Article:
When addressing management, one is actually addressing a subset of leadership.  If all one focuses on is management, their chances for success in growing a business, or even surviving, are significantly reduced.

Leadership and management have many definitions.  But what are the differences?  One way of making the distinction between the two would be to say “you manage things, you lead people.”

Using this approach would result in these distinctions between leadership and management.


  • Manage things.
  • Create structure and processes for work.
  • Plan and allocate resources.
  • Monitor efficiencies, implement controls and solve problems.


  • Lead people.
  • Define and communicate the mission, vision, and goals.
  • Align people.
  • Motivate and inspire others.
  • Monitor effectiveness.

However, a more effective approach to grasp the concepts of leadership is to understand the four fundamental responsibilities of any leader; management resides within these.  The responsibilities that every leader must fulfill are:

  • Purpose: Establishing or answering the “why”.  Why does the business exist, what does it do?  This is often captured in a business’s mission and vision.
  • Motivation: Mission and vision also help provide the needed motivation; however, motivation must go beyond these two statements.  Leaders must find ways of linking what is important to the individual to what is important to the business.
  • Direction: The concepts and techniques of management reside primarily, but not totally, in this leadership responsibility.  Direction can take one of two forms.  First, direction can create performance boundaries, allowing for individuals to make their own decisions on how to operate within those boundaries.  Second, direction can state “this is how we do business” by establishing more restrictive policies, processes and procedures.  In most business and organizations, direction is a combination of both techniques.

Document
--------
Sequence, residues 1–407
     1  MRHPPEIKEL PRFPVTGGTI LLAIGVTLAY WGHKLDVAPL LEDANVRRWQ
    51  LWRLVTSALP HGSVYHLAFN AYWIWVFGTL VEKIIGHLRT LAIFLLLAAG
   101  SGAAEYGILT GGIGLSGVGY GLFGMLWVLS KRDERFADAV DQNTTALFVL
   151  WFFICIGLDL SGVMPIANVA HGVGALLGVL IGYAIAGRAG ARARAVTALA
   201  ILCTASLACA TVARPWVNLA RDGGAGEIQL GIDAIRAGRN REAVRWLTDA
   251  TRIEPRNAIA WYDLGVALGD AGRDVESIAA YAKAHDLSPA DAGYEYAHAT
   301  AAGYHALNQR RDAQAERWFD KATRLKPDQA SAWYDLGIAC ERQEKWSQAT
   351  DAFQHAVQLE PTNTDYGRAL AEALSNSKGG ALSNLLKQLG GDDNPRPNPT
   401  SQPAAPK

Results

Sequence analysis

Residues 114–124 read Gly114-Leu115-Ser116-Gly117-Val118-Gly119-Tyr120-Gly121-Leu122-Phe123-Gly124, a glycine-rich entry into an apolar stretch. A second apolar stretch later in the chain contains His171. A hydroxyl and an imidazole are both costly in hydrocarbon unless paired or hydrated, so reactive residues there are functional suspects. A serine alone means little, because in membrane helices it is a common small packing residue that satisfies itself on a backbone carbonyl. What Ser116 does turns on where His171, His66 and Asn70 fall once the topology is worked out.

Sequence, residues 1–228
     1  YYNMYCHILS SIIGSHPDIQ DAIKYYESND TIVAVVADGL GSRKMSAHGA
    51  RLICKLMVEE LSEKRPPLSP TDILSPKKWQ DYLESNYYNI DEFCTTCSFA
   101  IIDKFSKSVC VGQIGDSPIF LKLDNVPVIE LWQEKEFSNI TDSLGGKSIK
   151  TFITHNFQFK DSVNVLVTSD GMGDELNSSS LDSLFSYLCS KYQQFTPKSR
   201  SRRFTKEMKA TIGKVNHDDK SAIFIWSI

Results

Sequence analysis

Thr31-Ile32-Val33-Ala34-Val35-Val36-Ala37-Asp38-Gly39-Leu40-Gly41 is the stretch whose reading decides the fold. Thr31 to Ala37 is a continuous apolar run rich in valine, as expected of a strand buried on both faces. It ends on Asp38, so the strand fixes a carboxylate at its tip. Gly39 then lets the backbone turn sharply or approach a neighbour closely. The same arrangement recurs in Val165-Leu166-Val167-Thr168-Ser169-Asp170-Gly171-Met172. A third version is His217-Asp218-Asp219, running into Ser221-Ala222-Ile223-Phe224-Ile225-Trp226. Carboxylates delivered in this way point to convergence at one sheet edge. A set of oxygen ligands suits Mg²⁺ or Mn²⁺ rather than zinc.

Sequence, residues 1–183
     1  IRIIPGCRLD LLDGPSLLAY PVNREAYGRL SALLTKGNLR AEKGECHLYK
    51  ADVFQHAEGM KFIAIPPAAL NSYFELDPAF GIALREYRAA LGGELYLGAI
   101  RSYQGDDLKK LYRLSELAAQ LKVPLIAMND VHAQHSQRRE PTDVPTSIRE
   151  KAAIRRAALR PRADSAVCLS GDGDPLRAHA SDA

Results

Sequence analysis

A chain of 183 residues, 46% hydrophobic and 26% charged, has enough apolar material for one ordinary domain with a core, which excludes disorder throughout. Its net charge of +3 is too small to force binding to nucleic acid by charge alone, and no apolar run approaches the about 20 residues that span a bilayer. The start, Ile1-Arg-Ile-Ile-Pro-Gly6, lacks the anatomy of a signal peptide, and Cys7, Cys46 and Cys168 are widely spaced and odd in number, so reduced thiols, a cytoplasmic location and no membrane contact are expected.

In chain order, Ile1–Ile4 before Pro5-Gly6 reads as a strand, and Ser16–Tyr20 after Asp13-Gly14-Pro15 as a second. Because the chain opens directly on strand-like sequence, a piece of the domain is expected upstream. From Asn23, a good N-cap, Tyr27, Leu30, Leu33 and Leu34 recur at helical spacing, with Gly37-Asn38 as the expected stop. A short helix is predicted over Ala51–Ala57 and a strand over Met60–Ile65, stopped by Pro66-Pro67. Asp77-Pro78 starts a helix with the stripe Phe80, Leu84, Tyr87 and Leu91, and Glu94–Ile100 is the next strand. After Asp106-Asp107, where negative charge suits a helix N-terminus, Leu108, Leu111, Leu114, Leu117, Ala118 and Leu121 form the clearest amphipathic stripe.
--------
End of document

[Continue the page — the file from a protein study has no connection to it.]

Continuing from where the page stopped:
• Resources: Providing what is needed to accomplish the purpose and implement the direction.  Resources are more than just money.  Time, materials, individuals, skills, equipment are other types of resources.

When establishing direction the terms policies, processes and procedures are often used but understanding the differences can be confusing.  A simple way to understand the differences was developed by the Kauffman Foundation:  Policies explain when and why.  Processes explain what.  Procedures explain how.

Leaders must measure performance.  The first three leadership responsibilities help influence and drive both individual and organizational behavior.  Measures are a way to provide direction, they also drive behavior.  Having and using effective measurement and reporting processes are part of being a good leader and manager.

The leadership roles of the entrepreneur and business owner must evolve as the business grows.  Making the needed transitions is both difficult and critical.  There are local resources to provide assistance leading and managing a business, as well as making the necessary transitions to grow.

Assistance available through the SBTDCs in the region includes:

  • Counseling and coaching sessions
  • Strategic planning
  • Tactical planning
  • Baldrige-based assessments and implementation
  • Balanced scorecards and other measurement and reporting systems
  • Training for new leaders